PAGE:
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How do you define the "wet look" for sealers?

This term causes a good deal of confusion and depends greatly on what each person sees in their mind when it is used.

Here is our definition: "Wet Look" is what you see when you put water on the surface. This is relating it to your surfacing, not a generalized fuzzy concept.

"Wet Look" does not apply to gloss level. Only to the effect to color.

The look will vary from surface type to surface type. For example, a concrete slab, slate, flagstone will look darker in color (we call this "color enhancement". The concrete slab might look a little "glossy" from the layer of water, but the flagstone will have no gloss after a few seconds. So, does "wet look" include gloss?  No!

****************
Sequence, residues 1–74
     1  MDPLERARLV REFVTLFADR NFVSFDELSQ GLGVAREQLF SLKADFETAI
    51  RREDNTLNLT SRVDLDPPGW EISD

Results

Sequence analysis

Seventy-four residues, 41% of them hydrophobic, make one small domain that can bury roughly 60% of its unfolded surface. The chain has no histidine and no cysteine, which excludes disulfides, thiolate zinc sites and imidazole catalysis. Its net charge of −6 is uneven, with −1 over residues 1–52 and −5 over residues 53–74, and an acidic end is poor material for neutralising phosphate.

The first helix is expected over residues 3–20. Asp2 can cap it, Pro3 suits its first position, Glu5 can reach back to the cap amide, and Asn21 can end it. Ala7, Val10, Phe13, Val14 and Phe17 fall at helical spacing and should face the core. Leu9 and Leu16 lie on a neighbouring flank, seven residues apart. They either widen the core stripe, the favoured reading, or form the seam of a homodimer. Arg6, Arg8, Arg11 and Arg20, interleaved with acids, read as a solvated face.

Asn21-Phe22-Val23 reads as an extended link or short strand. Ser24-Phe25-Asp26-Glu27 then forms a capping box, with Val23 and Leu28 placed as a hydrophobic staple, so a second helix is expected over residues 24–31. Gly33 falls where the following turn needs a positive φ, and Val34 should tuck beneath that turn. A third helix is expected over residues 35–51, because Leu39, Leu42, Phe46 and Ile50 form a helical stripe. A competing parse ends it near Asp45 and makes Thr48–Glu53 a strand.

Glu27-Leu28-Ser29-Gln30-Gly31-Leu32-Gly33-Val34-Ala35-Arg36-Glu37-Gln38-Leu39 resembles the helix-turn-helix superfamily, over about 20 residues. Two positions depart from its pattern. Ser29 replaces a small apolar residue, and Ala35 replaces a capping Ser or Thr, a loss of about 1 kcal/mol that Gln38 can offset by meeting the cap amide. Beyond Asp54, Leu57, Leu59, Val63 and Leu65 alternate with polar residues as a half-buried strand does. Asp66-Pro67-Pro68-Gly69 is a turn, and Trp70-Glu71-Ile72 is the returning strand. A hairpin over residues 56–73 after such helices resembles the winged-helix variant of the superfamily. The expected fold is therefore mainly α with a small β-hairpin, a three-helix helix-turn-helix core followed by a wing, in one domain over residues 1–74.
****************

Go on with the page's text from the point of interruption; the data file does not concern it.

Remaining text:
Therefore, "wet look" is really "in the eye of the beholder". To eliminate the confusion, break the look you want as an end result into two questons and evaluate on the   Surface Type   as follows:

1. Do you like the color tones and color depth when your surfacing is wet with water? Then you want a sealer indicated "color enhancing".

2. Do you want gloss? The Sealer Selector shows gloss level to be expected with each sealer on each type of surfacing. You can build gloss with additional applications of any sealer that indicates any level of gloss. Therefore, if you want a low gloss level (matte), choose one in a lower gloss catagory and build to the level you like.

In addition, for any non-absorbent (sealed, unsealed, glazed, porcelain, etc.) surface - remember that Lifeguard sealer protector will add another level of gloss. If you want to be more conservative and build gloss from a lower level, see Tile Cover.

Remember, you can order  samples  and find out for sure.